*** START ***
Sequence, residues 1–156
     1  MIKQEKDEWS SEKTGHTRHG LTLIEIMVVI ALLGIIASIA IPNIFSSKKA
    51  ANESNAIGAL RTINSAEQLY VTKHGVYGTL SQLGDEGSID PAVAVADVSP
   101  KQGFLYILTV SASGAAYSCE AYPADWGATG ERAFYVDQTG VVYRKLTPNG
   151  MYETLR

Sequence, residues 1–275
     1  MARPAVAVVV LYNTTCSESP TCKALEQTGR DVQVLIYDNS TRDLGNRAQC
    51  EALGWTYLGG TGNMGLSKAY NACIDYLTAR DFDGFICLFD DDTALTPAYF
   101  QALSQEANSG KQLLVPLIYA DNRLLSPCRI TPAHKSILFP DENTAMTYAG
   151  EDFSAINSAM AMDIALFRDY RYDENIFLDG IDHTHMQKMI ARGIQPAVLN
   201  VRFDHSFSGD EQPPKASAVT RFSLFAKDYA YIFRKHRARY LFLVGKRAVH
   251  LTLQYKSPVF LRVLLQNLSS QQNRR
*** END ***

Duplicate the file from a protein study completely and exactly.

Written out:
Sequence, residues 1–156
     1  MIKQEKDEWS SEKTGHTRHG LTLIEIMVVI ALLGIIASIA IPNIFSSKKA
    51  ANESNAIGAL RTINSAEQLY VTKHGVYGTL SQLGDEGSID PAVAVADVSP
   101  KQGFLYILTV SASGAAYSCE AYPADWGATG ERAFYVDQTG VVYRKLTPNG
   151  MYETLR

Sequence, residues 1–275
     1  MARPAVAVVV LYNTTCSESP TCKALEQTGR DVQVLIYDNS TRDLGNRAQC
    51  EALGWTYLGG TGNMGLSKAY NACIDYLTAR DFDGFICLFD DDTALTPAYF
   101  QALSQEANSG KQLLVPLIYA DNRLLSPCRI TPAHKSILFP DENTAMTYAG
   151  EDFSAINSAM AMDIALFRDY RYDENIFLDG IDHTHMQKMI ARGIQPAVLN
   201  VRFDHSFSGD EQPPKASAVT RFSLFAKDYA YIFRKHRARY LFLVGKRAVH
   251  LTLQYKSPVF LRVLLQNLSS QQNRR